How Three Easy House Tips Using What You Have Around the Household Can Repair Home
In the interest of money savings, some of us have been using a technique very close to forced saving. The technique involves using what you have on hand to fix things properly. Anyone can fix something temporarily but have to fix it again in a short while. The trick to fixing things properly with what you have involves creativity, planning, and execution with what is available without current out-of-pocket expense.
Shortly I will show you three examples of the kind of things I do to fix things and, at the same time, save. The examples are small fixes, the kind of thing that may save you $2 or $3 at most, but will after a period of time have saved you many dollars. At first glance these fixes may seem trivial, and they actually are, but if the reader disciplines himself to think about how he could fix something with what he has (it’s a game) at all times, he/she will find that it is enjoyable on several levels. You get to exercise your brain, gather materials, and create a fix. In the meantime, you have also saved on current expense.
My first example of a good fix is a hangar for a picture or craft. How many times have you had something to hang, but couldn’t find a commercial hangar? It has happened to me frequently. But since using this fix I have gotten to the point that I don’t think about going to the store to purchase this common hardware.
First, cut a piece of cotton material in a rectangle 4“ X 4“. A clean pair of rag underwear shorts works fine. Ok! Use a T-shirt. I have dearly named my fix the under-ware (patent pending - not)hangar. Fold the edges over about 1/2“ and sew the perimeter. You can adjust the dimensions of the hangar patch to fit the size and weight of your object, but a 4x4 will work for most things.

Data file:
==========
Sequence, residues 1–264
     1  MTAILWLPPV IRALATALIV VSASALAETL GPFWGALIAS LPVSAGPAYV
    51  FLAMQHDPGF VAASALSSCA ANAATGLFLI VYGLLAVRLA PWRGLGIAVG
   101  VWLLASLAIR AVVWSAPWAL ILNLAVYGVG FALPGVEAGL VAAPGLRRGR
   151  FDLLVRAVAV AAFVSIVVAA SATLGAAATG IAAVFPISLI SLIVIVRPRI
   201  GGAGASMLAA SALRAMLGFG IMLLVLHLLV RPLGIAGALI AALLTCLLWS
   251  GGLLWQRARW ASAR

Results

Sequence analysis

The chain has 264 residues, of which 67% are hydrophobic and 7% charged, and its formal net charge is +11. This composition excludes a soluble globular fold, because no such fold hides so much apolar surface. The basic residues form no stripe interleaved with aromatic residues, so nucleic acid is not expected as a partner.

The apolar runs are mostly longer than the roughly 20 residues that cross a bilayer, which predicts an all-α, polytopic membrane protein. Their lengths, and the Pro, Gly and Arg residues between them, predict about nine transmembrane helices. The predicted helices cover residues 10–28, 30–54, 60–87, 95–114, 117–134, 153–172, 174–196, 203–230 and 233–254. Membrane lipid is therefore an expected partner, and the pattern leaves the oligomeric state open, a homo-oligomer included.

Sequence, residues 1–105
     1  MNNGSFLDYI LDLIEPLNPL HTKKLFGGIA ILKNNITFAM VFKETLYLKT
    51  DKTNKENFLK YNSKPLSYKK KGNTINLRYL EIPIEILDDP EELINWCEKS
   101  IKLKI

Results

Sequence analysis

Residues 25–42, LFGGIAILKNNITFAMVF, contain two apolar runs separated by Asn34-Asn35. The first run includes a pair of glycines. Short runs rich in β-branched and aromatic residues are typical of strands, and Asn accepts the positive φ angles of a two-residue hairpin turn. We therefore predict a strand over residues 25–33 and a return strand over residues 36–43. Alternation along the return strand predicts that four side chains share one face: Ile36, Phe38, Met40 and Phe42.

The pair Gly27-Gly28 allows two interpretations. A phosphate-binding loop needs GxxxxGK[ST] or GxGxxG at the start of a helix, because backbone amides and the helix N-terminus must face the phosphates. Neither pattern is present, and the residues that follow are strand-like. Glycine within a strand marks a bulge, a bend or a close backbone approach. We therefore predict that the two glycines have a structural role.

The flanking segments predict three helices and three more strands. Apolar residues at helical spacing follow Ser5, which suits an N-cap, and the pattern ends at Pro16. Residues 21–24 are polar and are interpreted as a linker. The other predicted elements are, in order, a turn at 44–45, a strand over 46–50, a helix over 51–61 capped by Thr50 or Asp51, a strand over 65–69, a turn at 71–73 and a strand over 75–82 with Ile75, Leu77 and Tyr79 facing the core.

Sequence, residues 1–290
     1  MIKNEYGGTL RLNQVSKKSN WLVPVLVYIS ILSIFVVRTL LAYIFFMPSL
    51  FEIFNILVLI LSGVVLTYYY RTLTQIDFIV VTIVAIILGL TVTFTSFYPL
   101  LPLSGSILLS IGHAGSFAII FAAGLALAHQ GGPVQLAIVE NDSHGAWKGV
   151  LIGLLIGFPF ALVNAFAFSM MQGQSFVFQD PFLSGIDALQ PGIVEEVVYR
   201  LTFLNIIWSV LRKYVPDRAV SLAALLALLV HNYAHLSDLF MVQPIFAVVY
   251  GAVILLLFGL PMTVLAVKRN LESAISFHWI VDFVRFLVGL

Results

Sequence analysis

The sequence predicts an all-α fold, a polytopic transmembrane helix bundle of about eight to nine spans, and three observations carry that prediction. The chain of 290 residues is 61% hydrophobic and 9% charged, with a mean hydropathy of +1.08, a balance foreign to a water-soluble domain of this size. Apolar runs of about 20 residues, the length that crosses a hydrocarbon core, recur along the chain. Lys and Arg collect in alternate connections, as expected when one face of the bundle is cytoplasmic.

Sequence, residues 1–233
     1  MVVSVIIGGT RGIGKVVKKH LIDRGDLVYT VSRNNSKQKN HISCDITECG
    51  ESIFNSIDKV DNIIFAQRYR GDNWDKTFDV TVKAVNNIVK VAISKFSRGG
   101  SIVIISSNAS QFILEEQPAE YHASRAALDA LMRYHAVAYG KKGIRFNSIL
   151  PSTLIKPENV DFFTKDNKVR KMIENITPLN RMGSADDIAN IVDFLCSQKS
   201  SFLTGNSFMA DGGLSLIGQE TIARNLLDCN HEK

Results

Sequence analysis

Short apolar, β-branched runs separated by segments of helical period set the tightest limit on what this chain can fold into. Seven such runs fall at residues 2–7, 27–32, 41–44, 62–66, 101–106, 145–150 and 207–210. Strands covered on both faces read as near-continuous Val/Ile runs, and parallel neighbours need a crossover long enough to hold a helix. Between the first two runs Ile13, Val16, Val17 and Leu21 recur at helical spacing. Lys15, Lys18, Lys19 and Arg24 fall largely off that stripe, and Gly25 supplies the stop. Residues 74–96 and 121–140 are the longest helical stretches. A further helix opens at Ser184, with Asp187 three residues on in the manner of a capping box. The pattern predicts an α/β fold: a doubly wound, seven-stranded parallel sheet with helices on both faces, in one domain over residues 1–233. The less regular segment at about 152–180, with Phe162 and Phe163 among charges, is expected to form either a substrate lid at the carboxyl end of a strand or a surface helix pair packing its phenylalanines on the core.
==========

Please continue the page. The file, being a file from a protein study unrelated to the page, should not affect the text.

Second, take some white glue. Remember the assumption is that you have some white glue hanging around. Even if you have to buy it you can get white glue for very little. When school is about to start, I have found somewhat small size plastic bottles for $0.25 at Target. Paint one side allowing the glue to penetrate the cloth. Let it dry. Then flip the patch over and apply more glue to the surface. Then, let it dry. I do this on newspaper and if a little bit of paper sticks to one side or the other, it doesn’t matter.
Thirdly, look for an old metal washer. I know that many of you throw extra screws and hardware in a bottle or such, and it is to that vessel you should go. If you do not pick up old hardware (screws, washers, cotter pins, nails, etc) you should start. Most of these articles cost anywhere from one to 5 cents apiece and more. Looking for old hardware in parking lots or wherever you may be is another thing all together. But if you start to do it you will have many pounds of hardware before long. My father-in-law taught me this when he reminded me that all you have to do is pay attention to the ground when you walk. You don’t have to search for it. Don’t get run over. Most of you have the hardware because you had extra for a job.
And fourth, sew the metal washer to the middle of the top of one side using a number of stitches. You want to secure the washer in a strong fashion. Pushing the needle through the glue-coated material shouldn’t be a big problem.